Joyful Mysteries and the Christian Life

I have always experienced the Rosary and its fruits as independent items, that is, when I meditate on the carrying of the Cross, I grow in the fruit of patience by exploring how patience corresponds to the act. I then move on to the Crucifixion and grow in fortitude as I contemplate His death.

And so on.

However, when praying the Joyful Mysteries the other day, I realized how much the mysteries and their corresponding fruits tell us about daily life and our relationship with Christ over time.

The first Joyful Mystery is the Annunciation and the fruit is humility: when Mary received God’s will and said “yes” fully to His entrance into her life. It begins the entire meditation of the rosary. All other mysteries follow accordingly.

This is fitting. Nothing in God’s providence can follow in our own life if we do not first have our own “personal annunciation.” We must first experience Christ asking to enter our lives and we must respond “yes,” before God’s other joys can come to fruition.

Only when we have accepted Christ’s plan for us, can we then move to love our neighbor – the fruit of the second mystery, the Visitation. By taking the joy of Christ which now resides (quite literally in Mary’s case) within us to our neighbors, we may become the vessel for another person’s “personal annunciation,” as well as “Mary” to our “Elizabeth” friends.

This “personal annunciation,” seems to result in an “eternal annunciation,” of sorts. God continually approaches us to ask if He may enter more fully into our lives. When we say “yes,” we repeatedly imitate Mary in her response. In humility, we receive the Lord, and in receiving the love of God we are able to bring Christ into the world.

In this way, our own life echoes the act of the Father and the Son from which proceeds the Holy Spirit. The communion of our love with God bears a third fruit in our own “personal nativity.” That is, just as the Father, eternally pouring love out onto the Son, and the Son, eternally receiving the love of the Father creates the Holy Spirit, so too do we create our own trinity with God which brings about a birth of Christ in our lives and in the world.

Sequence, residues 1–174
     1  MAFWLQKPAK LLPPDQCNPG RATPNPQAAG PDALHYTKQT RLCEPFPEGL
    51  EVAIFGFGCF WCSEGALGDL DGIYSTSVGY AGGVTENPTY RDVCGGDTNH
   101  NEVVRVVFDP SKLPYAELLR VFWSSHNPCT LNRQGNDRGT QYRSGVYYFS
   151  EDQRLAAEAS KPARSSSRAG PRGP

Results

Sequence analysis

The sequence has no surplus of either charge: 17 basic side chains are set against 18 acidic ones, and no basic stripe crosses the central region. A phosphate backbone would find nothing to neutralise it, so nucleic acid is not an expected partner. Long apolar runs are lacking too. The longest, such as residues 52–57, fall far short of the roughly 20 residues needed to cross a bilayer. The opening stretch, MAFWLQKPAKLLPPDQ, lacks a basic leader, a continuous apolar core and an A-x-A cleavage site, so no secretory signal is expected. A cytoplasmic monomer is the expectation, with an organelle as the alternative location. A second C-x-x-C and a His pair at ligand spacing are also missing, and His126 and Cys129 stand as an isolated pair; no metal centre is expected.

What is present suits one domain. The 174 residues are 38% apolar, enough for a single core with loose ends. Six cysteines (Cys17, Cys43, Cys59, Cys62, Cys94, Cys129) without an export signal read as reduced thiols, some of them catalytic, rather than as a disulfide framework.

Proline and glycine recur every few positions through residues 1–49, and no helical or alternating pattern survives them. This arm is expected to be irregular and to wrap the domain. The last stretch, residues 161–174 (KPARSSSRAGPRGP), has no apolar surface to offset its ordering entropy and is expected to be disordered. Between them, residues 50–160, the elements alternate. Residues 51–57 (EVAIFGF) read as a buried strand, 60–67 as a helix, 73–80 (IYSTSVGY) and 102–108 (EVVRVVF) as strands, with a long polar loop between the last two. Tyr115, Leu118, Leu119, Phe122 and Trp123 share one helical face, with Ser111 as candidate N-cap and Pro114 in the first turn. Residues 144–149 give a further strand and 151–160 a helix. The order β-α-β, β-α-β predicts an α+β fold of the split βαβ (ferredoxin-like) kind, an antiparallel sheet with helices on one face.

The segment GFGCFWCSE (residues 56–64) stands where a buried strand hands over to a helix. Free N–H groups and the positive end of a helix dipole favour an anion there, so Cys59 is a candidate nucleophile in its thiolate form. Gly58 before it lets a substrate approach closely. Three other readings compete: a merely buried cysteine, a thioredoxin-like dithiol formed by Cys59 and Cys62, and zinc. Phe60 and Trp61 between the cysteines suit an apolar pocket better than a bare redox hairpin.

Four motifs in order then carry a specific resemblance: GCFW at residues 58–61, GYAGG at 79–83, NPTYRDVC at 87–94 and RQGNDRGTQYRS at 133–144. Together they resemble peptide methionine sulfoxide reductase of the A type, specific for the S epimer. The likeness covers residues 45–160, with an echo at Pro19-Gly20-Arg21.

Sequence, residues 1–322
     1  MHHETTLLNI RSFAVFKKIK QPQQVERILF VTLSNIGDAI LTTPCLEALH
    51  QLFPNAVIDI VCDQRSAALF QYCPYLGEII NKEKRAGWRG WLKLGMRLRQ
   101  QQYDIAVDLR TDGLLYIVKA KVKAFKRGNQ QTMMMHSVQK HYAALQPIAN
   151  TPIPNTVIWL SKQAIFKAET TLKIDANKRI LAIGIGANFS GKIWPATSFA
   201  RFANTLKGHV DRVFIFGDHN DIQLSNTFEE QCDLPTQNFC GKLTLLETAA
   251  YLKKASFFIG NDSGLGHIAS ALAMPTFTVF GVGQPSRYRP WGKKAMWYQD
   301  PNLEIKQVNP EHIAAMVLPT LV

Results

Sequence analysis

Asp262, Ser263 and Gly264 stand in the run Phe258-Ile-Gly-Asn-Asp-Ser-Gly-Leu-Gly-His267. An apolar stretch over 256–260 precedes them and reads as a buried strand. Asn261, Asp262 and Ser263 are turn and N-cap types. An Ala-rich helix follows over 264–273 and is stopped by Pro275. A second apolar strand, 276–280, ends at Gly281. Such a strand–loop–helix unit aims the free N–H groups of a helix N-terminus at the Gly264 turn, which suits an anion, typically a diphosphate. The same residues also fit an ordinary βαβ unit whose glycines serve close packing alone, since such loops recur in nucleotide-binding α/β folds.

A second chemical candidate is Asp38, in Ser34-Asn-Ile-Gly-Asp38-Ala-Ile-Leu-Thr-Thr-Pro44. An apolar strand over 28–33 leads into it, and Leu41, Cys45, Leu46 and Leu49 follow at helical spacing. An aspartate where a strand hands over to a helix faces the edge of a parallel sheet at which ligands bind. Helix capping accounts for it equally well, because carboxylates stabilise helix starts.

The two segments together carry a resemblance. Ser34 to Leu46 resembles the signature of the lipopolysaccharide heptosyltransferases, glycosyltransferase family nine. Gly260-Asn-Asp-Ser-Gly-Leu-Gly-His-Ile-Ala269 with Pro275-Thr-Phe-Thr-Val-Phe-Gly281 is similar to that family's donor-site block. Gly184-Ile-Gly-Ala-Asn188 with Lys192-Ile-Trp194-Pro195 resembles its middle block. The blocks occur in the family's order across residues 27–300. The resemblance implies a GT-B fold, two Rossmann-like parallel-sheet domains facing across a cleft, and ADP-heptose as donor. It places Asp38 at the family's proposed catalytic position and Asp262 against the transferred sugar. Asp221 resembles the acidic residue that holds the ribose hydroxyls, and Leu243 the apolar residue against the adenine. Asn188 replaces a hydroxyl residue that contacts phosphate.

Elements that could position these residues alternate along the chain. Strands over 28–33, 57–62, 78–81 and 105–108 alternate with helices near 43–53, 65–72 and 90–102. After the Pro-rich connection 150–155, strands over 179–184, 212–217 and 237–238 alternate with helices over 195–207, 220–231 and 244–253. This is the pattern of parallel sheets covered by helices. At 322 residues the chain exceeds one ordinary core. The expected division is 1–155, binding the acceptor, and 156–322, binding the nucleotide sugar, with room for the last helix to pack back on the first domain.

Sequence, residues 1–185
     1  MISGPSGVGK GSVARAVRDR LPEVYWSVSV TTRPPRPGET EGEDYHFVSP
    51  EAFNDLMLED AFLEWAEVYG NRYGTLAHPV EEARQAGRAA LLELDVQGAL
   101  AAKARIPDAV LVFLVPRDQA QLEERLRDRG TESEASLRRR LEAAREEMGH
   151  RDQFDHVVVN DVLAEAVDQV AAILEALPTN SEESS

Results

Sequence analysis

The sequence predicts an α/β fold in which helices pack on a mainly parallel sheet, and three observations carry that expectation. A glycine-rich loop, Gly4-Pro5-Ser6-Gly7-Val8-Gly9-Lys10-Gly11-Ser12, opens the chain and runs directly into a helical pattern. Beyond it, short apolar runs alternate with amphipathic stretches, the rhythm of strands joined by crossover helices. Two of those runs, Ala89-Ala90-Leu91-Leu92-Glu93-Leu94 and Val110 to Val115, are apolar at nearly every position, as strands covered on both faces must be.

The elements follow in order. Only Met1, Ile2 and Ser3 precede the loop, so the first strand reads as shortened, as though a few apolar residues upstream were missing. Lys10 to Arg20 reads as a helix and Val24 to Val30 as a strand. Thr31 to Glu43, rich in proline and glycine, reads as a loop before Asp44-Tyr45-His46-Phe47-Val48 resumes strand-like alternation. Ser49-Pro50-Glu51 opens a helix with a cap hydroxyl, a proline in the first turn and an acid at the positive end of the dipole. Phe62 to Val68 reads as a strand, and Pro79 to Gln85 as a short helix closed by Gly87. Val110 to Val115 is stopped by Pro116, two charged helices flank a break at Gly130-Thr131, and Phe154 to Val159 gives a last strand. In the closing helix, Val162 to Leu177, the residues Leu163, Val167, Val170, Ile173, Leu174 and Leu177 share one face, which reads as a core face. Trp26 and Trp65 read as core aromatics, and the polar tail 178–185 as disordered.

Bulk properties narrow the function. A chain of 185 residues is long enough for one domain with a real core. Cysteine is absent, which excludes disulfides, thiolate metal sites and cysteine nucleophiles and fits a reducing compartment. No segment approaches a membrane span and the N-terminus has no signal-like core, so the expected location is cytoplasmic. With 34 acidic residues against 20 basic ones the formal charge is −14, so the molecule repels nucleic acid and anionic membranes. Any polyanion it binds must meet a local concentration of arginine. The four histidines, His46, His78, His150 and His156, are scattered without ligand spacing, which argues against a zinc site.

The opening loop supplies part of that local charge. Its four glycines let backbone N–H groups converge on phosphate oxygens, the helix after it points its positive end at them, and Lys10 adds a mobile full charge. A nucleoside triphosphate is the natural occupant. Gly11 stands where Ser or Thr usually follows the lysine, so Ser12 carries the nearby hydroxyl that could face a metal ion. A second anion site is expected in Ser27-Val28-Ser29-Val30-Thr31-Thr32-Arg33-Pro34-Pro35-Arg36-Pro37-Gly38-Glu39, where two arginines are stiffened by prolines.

The first two mysteries and their fruits (Annunciation and humility and the Visitation and love of neighbor) then work together in us to bring about our own nativity – third mystery.

This “personal nativity,” then leads us to our fourth mystery- the Presentation. It is fitting that we give all of our work back to Him, as it is not really our work, but rather, it is the work of the Father done through us. Thus, we each experience the Presentation in the Temple in the faithful fulfillment of our vocation and in the act of returning to God that which He lovingly gave to us and did through us.

In our obedience, the fruit of the Presentation, we align ourselves ever more with God’s will, so that in the fifth mystery we are able to wondrously experience the Joy of Finding Jesus in the temple of our work again and again.

Then it begins again. When we have full joy of finding Jesus in our daily life and work, we are faced with His eternal annunciation again: May I come ever deeper into your life?

We choose, once again, whether or not to allow Him in, to allow Him to repeatedly transform us until we, just like Mary, make Christ flesh in us. When we say “yes” to Him enough that we are no more, it is Christ made flesh in us that goes to our neighbor, gives birth to more love, presents His work to God (on the Cross), and finds the joy that comes from loving Him alone.

The life of the Christian is truly a joyful one indeed!

Emma King

Emma King

Emma graduated cum laude from Hillsdale College in May, 2013 with a BA in Philosophy. She is happily married to a wonderful man and lives in Michigan.

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  1. Pingback: Fr. Jean Buridan & the Birth of Modern Science - BigPulpit.com

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